The draft of a new 20-year plan for growth in the city of Charlotte was unveiled last week. This is the first comprehensive plan since 1975. This plan should guide growth for the next two decades, and should make further planning easier as the city is setting out guidelines from affordable housing to transportation and everything in between.

It’s not that the city has been totally without a plan, but not a cohesive plan. Different neighborhoods and suburbs have plans, but this is the first time in 45 years that the plan accounts for every part of the city. There are also small area plans that help define the vision for smaller places throughout the city. Some of the neighborhood plans are out of date as well so this will bring the entire system of plans together and get them modernized to reflect how Charlotte is now and how it will be looking 20 years into the future. 

Charlotte was the only large city in the country without a comprehensive plan, but that has all changed now. It is being called the 2040 Comprehensive Plan and it establishes big picture goals like neighborhood diversity, transit development, economic opportunity, and a vision for how the city should look in years to come.

The plan is not only for City Council, but can help have a cohesive vision for the city and can help City Council be more consistent especially when changing zoning for any large potential project. The new city manager Marcus Jones has been a big force behind the plan. He came from Norfolk, VA which already had a comprehensive plan so he is very familiar with how to construct one. He has been working with Taiwo Jaiyeoba, the assistant city manager and planning director to spearhead the project. The key to the success of a large plan like this is public involvement.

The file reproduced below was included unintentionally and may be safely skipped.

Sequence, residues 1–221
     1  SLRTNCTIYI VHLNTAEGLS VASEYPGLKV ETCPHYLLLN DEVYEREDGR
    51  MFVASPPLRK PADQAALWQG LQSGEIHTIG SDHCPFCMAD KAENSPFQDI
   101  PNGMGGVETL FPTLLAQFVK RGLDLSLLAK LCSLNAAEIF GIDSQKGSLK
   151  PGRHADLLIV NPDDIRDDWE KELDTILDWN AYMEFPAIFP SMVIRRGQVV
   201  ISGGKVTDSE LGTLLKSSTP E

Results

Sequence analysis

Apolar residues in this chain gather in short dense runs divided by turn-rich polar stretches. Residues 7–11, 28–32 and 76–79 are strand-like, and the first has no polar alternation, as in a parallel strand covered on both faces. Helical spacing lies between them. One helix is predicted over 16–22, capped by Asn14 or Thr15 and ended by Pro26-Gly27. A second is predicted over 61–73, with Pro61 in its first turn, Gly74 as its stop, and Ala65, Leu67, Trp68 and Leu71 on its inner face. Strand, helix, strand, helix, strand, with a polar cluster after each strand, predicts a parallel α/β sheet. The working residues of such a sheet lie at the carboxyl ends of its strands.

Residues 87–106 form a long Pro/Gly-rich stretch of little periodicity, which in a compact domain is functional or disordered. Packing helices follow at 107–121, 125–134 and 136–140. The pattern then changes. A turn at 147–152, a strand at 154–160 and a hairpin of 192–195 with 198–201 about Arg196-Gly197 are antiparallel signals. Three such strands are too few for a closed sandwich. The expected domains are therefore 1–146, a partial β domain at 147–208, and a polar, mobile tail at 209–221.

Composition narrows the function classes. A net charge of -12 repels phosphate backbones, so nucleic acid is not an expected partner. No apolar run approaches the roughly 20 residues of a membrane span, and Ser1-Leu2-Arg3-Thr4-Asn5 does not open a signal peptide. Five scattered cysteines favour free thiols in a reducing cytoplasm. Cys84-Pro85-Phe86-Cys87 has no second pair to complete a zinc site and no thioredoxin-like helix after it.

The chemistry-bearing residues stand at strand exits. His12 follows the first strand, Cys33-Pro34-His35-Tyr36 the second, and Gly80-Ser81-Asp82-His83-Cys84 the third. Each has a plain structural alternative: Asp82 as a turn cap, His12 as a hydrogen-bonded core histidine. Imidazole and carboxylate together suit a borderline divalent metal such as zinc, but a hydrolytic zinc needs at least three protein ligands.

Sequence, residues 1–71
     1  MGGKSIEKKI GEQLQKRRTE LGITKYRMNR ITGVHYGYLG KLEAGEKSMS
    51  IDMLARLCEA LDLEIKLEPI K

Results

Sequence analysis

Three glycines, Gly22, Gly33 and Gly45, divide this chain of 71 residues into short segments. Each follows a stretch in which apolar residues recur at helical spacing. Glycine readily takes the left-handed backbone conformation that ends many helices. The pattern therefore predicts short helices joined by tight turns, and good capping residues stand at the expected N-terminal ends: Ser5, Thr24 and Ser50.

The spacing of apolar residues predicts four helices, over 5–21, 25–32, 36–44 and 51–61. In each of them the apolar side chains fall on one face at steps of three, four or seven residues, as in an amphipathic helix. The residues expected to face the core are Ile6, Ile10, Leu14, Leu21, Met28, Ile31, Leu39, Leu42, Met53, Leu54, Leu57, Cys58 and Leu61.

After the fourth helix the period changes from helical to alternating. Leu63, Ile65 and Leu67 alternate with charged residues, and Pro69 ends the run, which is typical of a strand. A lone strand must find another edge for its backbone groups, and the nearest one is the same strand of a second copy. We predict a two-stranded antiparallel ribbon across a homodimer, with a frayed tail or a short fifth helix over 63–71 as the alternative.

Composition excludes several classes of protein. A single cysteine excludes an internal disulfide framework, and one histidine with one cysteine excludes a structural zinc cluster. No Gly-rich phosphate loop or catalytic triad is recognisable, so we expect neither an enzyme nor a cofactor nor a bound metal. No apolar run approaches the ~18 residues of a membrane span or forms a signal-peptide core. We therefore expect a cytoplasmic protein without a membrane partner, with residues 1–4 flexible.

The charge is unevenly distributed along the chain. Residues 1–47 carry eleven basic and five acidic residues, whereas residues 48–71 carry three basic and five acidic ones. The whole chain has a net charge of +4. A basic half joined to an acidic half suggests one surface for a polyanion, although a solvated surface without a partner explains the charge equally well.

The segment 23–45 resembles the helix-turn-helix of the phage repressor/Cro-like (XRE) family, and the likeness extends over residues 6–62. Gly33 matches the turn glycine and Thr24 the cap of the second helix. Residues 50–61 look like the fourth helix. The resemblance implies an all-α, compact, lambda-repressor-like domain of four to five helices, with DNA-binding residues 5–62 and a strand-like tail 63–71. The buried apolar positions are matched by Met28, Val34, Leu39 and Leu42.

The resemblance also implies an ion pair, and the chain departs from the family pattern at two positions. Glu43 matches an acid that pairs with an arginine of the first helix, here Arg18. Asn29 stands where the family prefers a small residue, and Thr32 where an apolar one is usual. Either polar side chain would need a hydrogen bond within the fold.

The comprehensive plan works in conjunction with the Unified Development Ordinance which regulates development, zoning, and tree ordinances. 

Some of the ideas that have come out of the new plan are having different “Place Types” for the different parts of the city. This would guide land use, transportation and more for each of these newly designated “Place Types”. 10-minute neighborhoods are another key idea from the plan where essential services will be within 10 minutes of resident’s homes without driving.

City Council has been busy updating the zoning code as well to create new districts along the transit lines. The new code determines building height among other factors. There will be exceptions for the height restriction if the developer can provide affordable units or builds according to environmental sustainability guidelines.

Elimination of traditional single-family zoning distinctions is also on the table as a way to combat the shortage of affordable housing and help foster more equity in housing. This will not ban development of single-family homes, but would allow for multi-family such as duplexes, triplexes and larger housing units within areas currently zoned for only single-family homes. This could help alleviate the inequities in the Charlotte area which has historically segregated areas.

The next step for the process is some feedback sessions on the current draft over the next six months or so, then city council will vote on the final version in April. City Council hopes to finish the Unified Development Ordinance by the fall of 2021.